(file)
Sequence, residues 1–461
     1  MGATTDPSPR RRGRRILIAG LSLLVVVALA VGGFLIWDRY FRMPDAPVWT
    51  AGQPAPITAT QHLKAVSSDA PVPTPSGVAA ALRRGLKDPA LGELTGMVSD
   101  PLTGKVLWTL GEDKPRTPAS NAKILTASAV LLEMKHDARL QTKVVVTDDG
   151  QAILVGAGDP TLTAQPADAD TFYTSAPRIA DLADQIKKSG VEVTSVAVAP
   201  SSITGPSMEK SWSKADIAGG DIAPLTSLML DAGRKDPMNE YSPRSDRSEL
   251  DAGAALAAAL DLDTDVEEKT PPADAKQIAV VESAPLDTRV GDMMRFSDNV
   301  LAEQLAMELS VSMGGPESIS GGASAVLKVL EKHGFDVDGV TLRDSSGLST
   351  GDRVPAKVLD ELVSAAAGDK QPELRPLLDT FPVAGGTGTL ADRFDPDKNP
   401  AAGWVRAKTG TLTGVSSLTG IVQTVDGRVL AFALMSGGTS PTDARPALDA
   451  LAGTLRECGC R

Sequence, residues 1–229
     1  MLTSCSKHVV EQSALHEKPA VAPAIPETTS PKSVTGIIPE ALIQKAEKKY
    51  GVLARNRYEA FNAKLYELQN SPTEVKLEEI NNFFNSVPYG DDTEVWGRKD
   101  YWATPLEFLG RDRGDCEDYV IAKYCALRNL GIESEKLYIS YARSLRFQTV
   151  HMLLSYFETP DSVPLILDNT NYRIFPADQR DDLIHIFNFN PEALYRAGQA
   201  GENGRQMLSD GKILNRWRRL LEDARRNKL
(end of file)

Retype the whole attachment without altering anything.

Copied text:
Sequence, residues 1–461
     1  MGATTDPSPR RRGRRILIAG LSLLVVVALA VGGFLIWDRY FRMPDAPVWT
    51  AGQPAPITAT QHLKAVSSDA PVPTPSGVAA ALRRGLKDPA LGELTGMVSD
   101  PLTGKVLWTL GEDKPRTPAS NAKILTASAV LLEMKHDARL QTKVVVTDDG
   151  QAILVGAGDP TLTAQPADAD TFYTSAPRIA DLADQIKKSG VEVTSVAVAP
   201  SSITGPSMEK SWSKADIAGG DIAPLTSLML DAGRKDPMNE YSPRSDRSEL
   251  DAGAALAAAL DLDTDVEEKT PPADAKQIAV VESAPLDTRV GDMMRFSDNV
   301  LAEQLAMELS VSMGGPESIS GGASAVLKVL EKHGFDVDGV TLRDSSGLST
   351  GDRVPAKVLD ELVSAAAGDK QPELRPLLDT FPVAGGTGTL ADRFDPDKNP
   401  AAGWVRAKTG TLTGVSSLTG IVQTVDGRVL AFALMSGGTS PTDARPALDA
   451  LAGTLRECGC R

Sequence, residues 1–229
     1  MLTSCSKHVV EQSALHEKPA VAPAIPETTS PKSVTGIIPE ALIQKAEKKY
    51  GVLARNRYEA FNAKLYELQN SPTEVKLEEI NNFFNSVPYG DDTEVWGRKD
   101  YWATPLEFLG RDRGDCEDYV IAKYCALRNL GIESEKLYIS YARSLRFQTV
   151  HMLLSYFETP DSVPLILDNT NYRIFPADQR DDLIHIFNFN PEALYRAGQA
   201  GENGRQMLSD GKILNRWRRL LEDARRNKL